CMI: This generation has grown up almost expecting to be famous, so I would imagine that public approval is very important.
MORRISON: Exactly. The Paris Hilton generation. Not that they deserve, for the most part, to be famous, but especially when recognition is well-deserved, they would like to be embarrassed. It gives them a chance to be humble and play it down, but at the same time, it gives them that much-desired visibility, especially in a larger organization where otherwise they run the risk of becoming lost. And suddenly people can start searching them out and saying, “I have a special project I need a twentysomething for. I see you did great stuff. I want to get you now.” It gets them on the fast track.
CMI:trips are traditionally all about schmoozing. Does this generation care about the wining and dining that's characteristic of incentive trips?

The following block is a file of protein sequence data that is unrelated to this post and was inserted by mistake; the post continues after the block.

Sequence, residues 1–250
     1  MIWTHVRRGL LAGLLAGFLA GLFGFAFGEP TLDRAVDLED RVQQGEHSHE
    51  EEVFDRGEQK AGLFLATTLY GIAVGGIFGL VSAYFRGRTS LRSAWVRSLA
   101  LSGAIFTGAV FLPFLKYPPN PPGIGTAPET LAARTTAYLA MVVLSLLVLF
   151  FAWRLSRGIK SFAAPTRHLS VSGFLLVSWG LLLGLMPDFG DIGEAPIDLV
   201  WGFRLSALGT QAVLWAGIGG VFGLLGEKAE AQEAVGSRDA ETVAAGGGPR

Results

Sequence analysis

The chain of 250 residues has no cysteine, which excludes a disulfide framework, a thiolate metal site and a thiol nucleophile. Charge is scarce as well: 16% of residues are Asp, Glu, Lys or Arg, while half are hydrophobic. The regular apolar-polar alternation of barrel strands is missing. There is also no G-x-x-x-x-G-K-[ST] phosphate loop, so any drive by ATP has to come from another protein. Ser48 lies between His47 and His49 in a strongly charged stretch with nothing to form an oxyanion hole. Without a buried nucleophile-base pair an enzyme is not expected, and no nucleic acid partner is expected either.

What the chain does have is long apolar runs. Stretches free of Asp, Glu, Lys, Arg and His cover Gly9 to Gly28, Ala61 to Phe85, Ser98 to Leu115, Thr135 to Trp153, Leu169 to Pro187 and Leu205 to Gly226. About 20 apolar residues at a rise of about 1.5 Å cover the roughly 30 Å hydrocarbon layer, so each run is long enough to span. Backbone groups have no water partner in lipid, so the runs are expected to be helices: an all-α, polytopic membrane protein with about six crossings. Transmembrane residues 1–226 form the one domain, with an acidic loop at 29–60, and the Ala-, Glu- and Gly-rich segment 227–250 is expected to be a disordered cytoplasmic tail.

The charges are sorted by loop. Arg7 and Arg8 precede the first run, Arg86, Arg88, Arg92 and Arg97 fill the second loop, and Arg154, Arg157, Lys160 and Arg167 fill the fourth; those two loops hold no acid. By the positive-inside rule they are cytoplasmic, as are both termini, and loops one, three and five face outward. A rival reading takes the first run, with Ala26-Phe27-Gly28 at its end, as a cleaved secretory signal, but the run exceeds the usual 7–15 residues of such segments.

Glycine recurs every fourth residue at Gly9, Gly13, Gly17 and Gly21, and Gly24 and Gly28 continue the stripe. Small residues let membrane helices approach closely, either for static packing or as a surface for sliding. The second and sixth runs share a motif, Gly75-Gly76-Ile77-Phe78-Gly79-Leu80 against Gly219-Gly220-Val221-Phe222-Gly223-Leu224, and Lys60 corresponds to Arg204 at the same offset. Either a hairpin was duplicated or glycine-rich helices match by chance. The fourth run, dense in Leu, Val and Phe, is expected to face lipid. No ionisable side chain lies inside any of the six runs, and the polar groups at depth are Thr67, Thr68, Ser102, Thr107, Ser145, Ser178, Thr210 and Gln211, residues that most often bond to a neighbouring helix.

MORRISON: It does. It's important to think about things like the corporate culture. If it's a more traditional corporate culture, then an incentive trip that is a continuation of that mood may be a bit unsettling. “What do I wear? I'm going to be with the bigger folks, the muckety-mucks, and hanging out with them, yet I still need to be on my game.”
CMI: Many incentive programs are online now, and people can check their progress. Is that connectivity essential for this age group?
MORRISON: I think it's great, and I think it can be taken further because everyone in this market lives with their cell phones. The ability to check it through their screens as well as the ability to get alerts, i.e., “You've become No. 1” or “You were No. 1 and somebody just passed you,” is important. But let them opt in on what information they want to be able to track.